Work within the lab examines visual circuit development with the aim of: (1) determining the nature and time-course of circuit refinements during critical/defined developmental periods; (2) to dissect the importance of molecular over functional cues associated with orderly circuit formation; and (3) to explore the functional relevance of having such highly ordered circuits.

Measuring map formation in the primary visual circuits

Defining topographic visual maps: "one point in visual space goes to one point in the target and neighbouring points in space go to neighbouring points in the target" In connectivity terms, these becomes more nuanced questions: what extent of retina converges on a single location in the target and at what separation do two target locations receive non-overlapping retinal input?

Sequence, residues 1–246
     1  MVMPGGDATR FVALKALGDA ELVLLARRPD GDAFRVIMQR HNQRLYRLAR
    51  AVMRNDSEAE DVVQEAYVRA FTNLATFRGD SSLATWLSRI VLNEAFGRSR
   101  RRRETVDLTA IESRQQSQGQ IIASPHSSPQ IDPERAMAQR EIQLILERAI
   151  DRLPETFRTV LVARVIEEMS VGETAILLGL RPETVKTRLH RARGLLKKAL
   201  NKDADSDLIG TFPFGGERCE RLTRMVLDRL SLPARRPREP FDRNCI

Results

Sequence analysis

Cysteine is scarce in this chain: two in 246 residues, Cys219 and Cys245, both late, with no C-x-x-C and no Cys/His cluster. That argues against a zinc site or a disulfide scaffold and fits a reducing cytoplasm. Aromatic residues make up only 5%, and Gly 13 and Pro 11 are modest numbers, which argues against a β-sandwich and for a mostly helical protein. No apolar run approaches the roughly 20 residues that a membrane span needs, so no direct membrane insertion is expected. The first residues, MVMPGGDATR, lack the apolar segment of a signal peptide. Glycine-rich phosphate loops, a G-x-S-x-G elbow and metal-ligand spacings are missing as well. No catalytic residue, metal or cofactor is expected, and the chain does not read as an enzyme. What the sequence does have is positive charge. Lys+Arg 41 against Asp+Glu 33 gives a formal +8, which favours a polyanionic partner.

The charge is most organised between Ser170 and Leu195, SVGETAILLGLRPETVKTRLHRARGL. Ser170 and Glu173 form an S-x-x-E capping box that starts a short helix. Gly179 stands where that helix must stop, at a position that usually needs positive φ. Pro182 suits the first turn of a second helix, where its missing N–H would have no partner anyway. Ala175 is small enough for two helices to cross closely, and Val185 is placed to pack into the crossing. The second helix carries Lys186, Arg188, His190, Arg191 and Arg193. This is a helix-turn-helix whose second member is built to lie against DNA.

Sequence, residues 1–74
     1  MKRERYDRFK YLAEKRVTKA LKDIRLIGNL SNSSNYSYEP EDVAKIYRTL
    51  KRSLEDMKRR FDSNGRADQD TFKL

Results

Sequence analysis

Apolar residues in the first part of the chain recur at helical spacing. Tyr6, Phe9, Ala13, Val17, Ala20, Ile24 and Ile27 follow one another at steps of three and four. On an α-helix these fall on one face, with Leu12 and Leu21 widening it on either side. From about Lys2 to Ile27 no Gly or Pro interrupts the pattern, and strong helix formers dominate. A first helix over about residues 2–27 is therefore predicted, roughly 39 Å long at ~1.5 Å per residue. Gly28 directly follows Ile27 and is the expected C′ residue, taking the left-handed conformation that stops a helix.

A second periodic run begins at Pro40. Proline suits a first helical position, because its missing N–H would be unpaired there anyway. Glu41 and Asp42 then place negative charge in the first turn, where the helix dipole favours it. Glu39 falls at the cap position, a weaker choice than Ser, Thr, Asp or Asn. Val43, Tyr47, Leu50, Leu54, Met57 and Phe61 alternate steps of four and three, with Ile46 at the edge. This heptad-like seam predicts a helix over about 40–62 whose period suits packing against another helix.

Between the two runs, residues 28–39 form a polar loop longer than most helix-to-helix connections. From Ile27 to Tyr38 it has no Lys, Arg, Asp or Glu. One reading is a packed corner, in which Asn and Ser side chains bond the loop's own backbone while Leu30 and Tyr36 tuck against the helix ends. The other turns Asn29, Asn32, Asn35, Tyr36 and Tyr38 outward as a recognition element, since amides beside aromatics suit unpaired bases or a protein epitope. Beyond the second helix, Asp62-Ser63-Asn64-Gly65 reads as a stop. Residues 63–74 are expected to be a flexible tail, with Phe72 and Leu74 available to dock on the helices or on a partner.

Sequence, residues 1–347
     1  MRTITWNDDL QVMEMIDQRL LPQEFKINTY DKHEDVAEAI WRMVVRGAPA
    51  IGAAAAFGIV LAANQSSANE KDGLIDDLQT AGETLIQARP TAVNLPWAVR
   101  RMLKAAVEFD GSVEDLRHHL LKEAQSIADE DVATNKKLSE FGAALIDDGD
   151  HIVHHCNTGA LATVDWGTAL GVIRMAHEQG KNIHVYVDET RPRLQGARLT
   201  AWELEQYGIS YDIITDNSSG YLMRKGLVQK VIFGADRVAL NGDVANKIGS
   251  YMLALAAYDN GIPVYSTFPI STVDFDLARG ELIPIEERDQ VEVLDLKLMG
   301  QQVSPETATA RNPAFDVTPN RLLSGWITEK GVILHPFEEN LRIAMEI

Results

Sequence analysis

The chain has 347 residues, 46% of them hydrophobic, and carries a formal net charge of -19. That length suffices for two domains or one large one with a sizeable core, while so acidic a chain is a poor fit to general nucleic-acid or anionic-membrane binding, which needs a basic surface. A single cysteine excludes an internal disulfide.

We are using anatomical tracing techniques to answer these questions, to chart the developmental dynamics of map formation and to examining the mechanisms determining the precision of topographic visual maps in the mouse.

We make small injections of fluorescently labeled latex microspheres into target nuclei and then record the location of retrogradely labeled neurons in the input structure. We have been focusing on the retino-collicular projection. In order to analyse the distribution of labeled ganglion cells, the retina has to be dissected out and flat-mounted.